It’s A Wonderful Life plays on the TV.
It is hard to imagine this night the poets call holy being any other way.
Now it is 2013 in my new house.
My Babcia bustles less now, and sits more.
“Let me help! Give me something to do, aniołka.” Her tired eyes say otherwise.
Her aniołka, her little angel. I pour her a highball and take her into my dining room. For such frail hands, they have a strong grip on my forearm.
“I’ve got it, Babci. You just sit your tush down and relax.”
A smile. A tuft of white hair at my table. “You know, you really are somethin’.”
I look at my settings. Odd plates. One extra for Jesus, enough for the rest of the family.
These traditions come from her.
This house is a reflection of hers, of my favorite childhood memories.
It is hard to imagine this night the poets call holy as the new normal.
I think she will stay the same way forever, even long after she is gone.
A white, plump and curly-haired ghost in my kitchen telling me not to worry.
There will always be Babci.
Mój Babci. Ja cię kocham, Babcia.
After a long hiatus, I have returned with a Trifecta challenge answer. This week’s word was:
2. an interjection used to express disdain or reproach
Past and Pending
I took the river road until I reached the end
I wrote those words into my song “Lullaby”, but I had never actually taken River Road all the way up. When Meagan called me looking for an adventure, I thought about the words again.
“Let’s go as far North as we can today,” I said.
“We could make Easton and back before sunset,” she said.
My best friend for about thirteen years, Meg was the one with wanderlust. It was the bug she had given me: a virus I didn’t mind catching. Now I had the desire to get out and leave, find new paths and journeys. This was the gift of Meagan’s friendship.
“Okay. Let’s go.”
The air was cold that day. We were glad to be in a car as we drove past the Delaware river and half-frozen lakes. There were waterfalls as we passed rocky hillsides. Actual waterfalls. I hadn’t seen the like since Colorado and stared out the window in awe. It was truly magical.
We talked about travel, geography and the Jersey Devil while munching on sourdough pretzels.
“Sometimes,” she told me as she turned the wheel, “while driving through the Barrens, I used to look for the Devil. Watching for shadows against the stars. Because those are the woods where Legends could still be alive.”
This was our friendship. Topics meandering and lovely all the while. We were poets and writers and liked to lose ourselves in “lines dissecting love” and life and other things.
The Shins’ Past and Pending was on right after a John Doyle reel. Eclectic music, but it fit our personalities. I didn’t listen to the words, but the sound made me think of all our road trips together. And while we’ve never taken a really long one, they are all memorable.
Once, we ended up at Seaside Heights during a cold spell in March, walking down the deserted boardwalk. You never know with us.
This trip, I got a sandwich from a supermarket deli, and the hunger trumped the odd taste of the food. “You never know,” she said, eyeing my sandwich dubiously. “These places the food could go either way.”
We were off again down the road, sometimes listening to music in silence, which we have always been wont to do.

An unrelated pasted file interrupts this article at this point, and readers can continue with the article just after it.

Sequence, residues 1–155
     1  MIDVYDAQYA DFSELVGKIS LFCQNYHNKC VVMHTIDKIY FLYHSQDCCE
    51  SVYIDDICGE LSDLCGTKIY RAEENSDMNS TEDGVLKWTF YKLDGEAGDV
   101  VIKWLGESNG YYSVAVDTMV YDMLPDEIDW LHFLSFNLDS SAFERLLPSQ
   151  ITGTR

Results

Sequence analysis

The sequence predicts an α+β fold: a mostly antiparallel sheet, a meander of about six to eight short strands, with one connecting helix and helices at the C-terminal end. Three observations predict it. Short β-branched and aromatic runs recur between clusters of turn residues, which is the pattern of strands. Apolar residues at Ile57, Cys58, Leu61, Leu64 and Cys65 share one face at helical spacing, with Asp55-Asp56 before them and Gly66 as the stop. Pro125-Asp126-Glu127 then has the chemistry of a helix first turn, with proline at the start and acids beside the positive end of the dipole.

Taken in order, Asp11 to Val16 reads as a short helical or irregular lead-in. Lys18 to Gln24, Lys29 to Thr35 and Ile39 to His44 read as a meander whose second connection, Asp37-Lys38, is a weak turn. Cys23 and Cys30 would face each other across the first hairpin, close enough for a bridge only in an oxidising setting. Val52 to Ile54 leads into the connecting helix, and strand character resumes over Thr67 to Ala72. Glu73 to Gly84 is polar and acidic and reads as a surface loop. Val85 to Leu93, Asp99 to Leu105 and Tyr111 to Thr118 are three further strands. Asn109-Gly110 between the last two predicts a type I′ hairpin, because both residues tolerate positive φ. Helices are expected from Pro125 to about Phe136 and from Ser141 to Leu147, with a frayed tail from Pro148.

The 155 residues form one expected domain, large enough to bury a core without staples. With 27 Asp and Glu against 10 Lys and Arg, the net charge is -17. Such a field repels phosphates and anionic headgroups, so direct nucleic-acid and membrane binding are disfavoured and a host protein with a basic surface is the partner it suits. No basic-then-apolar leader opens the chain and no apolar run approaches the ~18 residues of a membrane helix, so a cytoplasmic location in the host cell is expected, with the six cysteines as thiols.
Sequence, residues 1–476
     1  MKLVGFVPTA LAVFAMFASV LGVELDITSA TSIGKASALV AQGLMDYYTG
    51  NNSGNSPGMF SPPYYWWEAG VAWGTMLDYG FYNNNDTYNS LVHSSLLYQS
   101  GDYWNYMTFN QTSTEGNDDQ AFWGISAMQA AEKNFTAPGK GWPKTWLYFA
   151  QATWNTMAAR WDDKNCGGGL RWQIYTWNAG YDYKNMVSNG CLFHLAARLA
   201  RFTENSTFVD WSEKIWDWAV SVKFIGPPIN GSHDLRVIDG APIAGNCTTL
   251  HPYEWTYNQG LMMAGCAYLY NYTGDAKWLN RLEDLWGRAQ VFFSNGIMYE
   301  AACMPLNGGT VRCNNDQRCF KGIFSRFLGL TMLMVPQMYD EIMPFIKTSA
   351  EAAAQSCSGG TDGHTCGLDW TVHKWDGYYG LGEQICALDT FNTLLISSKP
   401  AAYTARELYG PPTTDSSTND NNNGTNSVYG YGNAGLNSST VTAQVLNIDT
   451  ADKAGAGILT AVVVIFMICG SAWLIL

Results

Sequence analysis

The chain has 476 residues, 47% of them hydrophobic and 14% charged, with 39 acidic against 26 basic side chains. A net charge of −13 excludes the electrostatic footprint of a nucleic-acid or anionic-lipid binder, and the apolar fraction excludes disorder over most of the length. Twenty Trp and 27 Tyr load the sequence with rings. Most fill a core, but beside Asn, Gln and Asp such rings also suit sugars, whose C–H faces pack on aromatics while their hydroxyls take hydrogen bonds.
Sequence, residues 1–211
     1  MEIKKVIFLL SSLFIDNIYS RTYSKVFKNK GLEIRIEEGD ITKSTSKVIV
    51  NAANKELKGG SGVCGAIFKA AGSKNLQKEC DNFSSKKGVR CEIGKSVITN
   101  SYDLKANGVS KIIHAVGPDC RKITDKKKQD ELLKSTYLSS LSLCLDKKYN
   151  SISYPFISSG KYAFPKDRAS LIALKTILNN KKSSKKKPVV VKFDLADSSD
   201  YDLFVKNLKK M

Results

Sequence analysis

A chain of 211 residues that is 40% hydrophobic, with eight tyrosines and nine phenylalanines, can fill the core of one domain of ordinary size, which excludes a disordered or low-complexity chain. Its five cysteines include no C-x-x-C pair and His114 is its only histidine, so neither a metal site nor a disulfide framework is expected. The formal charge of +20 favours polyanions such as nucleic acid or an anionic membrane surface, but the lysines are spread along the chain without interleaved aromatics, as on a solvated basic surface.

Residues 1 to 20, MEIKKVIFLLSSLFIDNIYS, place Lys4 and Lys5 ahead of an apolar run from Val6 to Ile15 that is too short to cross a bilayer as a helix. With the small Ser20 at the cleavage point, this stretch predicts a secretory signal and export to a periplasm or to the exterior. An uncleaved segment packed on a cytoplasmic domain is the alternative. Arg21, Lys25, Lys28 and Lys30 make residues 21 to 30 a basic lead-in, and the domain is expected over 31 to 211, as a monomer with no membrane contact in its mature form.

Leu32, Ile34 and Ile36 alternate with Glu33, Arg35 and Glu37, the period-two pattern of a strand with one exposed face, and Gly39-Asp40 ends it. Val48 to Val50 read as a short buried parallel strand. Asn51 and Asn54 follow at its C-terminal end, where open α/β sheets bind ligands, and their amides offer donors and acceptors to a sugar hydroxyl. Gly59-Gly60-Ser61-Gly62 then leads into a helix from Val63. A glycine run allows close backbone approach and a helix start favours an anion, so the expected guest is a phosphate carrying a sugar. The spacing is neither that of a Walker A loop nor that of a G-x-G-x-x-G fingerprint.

I missed her when she was away at grad school. She is like family to me, the big sister I’ve never had.
As icicles dripped off of cliffs of “hills-not-mountains” around us, I wished.
“I wish it could always be like this,” I whispered to myself. I hope the years and miles never change our camaraderie.
We round a stone wall, laughing at a strange mural as we enter Easton and prepare to journey homeward.
Days like this precious moment of friendship are mile markers on the path of my memory. And in the dark times, I travel them over and over again.
Days like this, past and pending, are all that matter.
Write on Edge has begun a new and fancy challenge. This time, it was 500 words or less, the song Past and Pending by The Shins, and the word: “WISH”. I immediately wanted to write for it. It took me some time to be inspired because I couldn’t decide if I wanted to take the song at face value or not.
My final decision on it was what you just read.🙂
Meagan is truly my best friend. She has a wonderful poetry blog, which I encourage you to visit.
I’ve been driving myself nuts all morning trying to find the term one of the ancient writers used for the form of love – I want to say either Socrates or Plato spoke of this form of platonic/friendship love – between two members of the same sex and said it was completely different from the love shared between a man and a woman.
This love was not romantic or sexual, but it was the strongest form of love, that only true friends could share, and it was rare. If anyone can remember the name of this, or what it’s called, I would appreciate you leaving a comment. I Google searched and checked my college textbooks but had no luck finding the term!!
Anyway, the mysterious missing word for this love was going to be the title, but instead it became Past and Pending, haha
Thanks, as always, for reading.
“Pass the salt,” you say
Head buried in a screen.
I obey, but feel somehow
Your work is but a door between.
Your dinner nearly done,
The dawning thought: I deemed
I’d seen this somewhere else before.
Of what our future might become.
The endless hours dragging on.
The night begun it seemed
Till fears had won.
And that is what’s in store.
Dour and sulking, I
Did ponder this soliloquy:
Do futures make themselves or are
they birthed on rocks of self-defeat?
“Enough,” I say, “I will not see
this history repeat.
So shut the screen and eat with me.
Let work be done now, dear and come!
Put away the Mac,
that horrid fiend,
that splits in two
all that we do
and turns my mood to darkest black.”
With that, my thoughts wipe clean.
You obey, but feel somehow
You’re not sure what you’ve seen
But wonder who’s at fault today.
I just went crazy with this. It’s sort of prose poetry in answer to Trifecta’s weekly challenge: the third definition of the word “anticipation.”
I am not sure what happened here, but I liked it. Done almost entirely as stream of consciousness with minor edits.